Does it seem like you are drowning in things that must get done? It’s frustrating, you get behind and things keep piling up. You end up jumping from crisis to crisis. Some days you feel like a fire fighter in the middle of a burning building.
By using the power of setting a deadline for yourself and planning the work that needs to be done, you can get out of crisis mode and start kicking butt on your to-do list.
Set a deadline for yourself
- Pick the most important task or project and set a “Must Be Completed By Date” for it.
- Set this as a top priority. Do not give yourself a way out of it.
- Treat it like your job depends on it. Why do we bend over backwards for our boss, but we slack off when it comes to getting our own tasks completed?
Eat the elephant one bite at a time
- Thoroughly break down the bigger tasks into small, easy to complete sub-tasks. Tools like mind-map programs can help you break down the tasks.
- Give time estimates to each sub-task.
- Prioritize by precedence or time constraints. If things need to get done in order, be sure they are scheduled that way.
- Bundle similar tasks to reduce thrash.
Plan your schedule
- Schedule in all of the activities that you are already committed to.
- Determine if you can put off or get out of anything already scheduled.
- Schedule in the sub-tasks based on priority.
- Plan in some “slack” into your schedule for unexpected changes. Don’t fill your schedule completely, stuff happens.
Do, or do not. There is no try. -Yoda
Do the work
- Start each task as planned on your calendar.
- Focus on that task by eliminating distractions like email notifications, phone calls, twitter, etc.
- When each task has been completed, check it off of your list.
- As you discover new tasks that must be done, add them to your list.
Update your schedule daily
- Move newly discovered tasks from your list to your schedule
- Determine if you will still complete your work before your deadline.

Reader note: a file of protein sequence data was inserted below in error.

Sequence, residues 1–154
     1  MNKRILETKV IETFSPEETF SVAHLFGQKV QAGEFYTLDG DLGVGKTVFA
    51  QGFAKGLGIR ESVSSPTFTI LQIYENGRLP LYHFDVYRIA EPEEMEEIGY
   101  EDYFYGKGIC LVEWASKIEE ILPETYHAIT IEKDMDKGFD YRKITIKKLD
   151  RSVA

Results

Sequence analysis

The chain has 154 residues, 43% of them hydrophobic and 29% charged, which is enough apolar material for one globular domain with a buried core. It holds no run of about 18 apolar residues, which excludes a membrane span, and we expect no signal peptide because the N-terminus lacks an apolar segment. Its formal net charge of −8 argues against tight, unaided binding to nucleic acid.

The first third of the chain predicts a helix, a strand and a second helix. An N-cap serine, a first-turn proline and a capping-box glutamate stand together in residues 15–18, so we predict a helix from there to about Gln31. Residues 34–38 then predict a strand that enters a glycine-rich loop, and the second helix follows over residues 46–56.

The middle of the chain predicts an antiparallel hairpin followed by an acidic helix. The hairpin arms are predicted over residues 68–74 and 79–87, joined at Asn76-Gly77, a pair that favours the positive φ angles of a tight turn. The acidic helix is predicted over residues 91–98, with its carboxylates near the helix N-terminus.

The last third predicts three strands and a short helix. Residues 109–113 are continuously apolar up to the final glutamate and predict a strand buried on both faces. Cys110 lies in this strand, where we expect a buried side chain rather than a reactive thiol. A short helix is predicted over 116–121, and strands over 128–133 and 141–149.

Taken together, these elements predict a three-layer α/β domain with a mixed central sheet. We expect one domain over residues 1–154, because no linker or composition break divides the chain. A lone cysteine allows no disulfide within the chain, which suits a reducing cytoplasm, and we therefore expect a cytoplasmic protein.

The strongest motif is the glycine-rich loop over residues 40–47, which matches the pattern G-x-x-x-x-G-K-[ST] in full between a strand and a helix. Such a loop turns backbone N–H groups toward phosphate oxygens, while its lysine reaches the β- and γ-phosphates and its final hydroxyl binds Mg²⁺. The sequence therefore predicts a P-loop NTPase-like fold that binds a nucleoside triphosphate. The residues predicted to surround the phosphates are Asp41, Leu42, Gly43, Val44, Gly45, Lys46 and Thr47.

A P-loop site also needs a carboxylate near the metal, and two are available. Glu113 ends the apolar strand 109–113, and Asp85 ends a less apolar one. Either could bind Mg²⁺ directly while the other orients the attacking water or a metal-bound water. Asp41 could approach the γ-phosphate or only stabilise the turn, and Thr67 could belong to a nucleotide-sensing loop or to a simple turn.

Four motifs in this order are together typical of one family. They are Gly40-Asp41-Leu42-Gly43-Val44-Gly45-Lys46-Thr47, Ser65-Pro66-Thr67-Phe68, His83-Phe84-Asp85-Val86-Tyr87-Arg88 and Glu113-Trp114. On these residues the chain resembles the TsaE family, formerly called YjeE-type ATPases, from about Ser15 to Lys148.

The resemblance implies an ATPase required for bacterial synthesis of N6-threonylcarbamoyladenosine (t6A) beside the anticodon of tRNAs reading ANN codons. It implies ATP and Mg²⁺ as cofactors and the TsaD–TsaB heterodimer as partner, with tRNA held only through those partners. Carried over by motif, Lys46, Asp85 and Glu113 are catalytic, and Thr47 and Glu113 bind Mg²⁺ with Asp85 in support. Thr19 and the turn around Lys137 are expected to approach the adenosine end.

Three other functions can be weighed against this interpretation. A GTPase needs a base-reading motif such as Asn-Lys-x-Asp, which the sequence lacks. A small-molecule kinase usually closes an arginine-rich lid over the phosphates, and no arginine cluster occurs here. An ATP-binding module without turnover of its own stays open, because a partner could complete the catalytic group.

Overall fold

- Adjust your calendar accordingly. This is where the “slack” time can be used.
- Modify estimates if you find that you generally over or under estimate your work.
- Keep track of other, non-related tasks that invade your schedule.
If you get behind
- Review your estimates and adjust accordingly.
- Look for things that may not “need” to be completed by the deadline. Get rid of any “fluff”.
- See if you can enlist any help with the project.
Wrap up the project
- Review the estimates and look for patterns. Where you consistently over or under time? Adjust accordingly for future planning.
- Look for ways to improve your methods.
- Write down what when well and what went wrong.
While this seems like a ton of work that isn’t actually getting your project done, it will give you direction and focus that allows you to complete your work on time.
For weeks now, I’ve been drowning in a to-do list of tasks for a major project. Each day I sit down at my computer and stare at a blank screen wondering which of the 20 or 30 important tasks I should get started on. Normally I would pick which ever one seemed the least daunting and start on it. This frequently ended up with me loosing focus and wandering off to check my twitter account or catch up on what was going on in an online forum.
A few days ago, Kelly and I decided that we needed to stop wandering around and get serious about getting this project done. We set a deadline for ourselves. One that we are going to keep, regardless of what it takes.
Eating the elephant in very small bites.
Since we did that, we followed the above steps and wrote down the main tasks. Broke those up in to small, easy to estimate and track sub-tasks. We prioritized them and started working on them. This weekend we completed 12 of the 21 sub-tasks that we defined. This is way more productivity than I’ve seen in the last few months.
As we continue to work through our list, we look ahead and repeat the process.
By using the power of the deadline, we have brought a new level of commitment and clarity to our work.
Use a deadline for your next big project and see how much it helps you get done.
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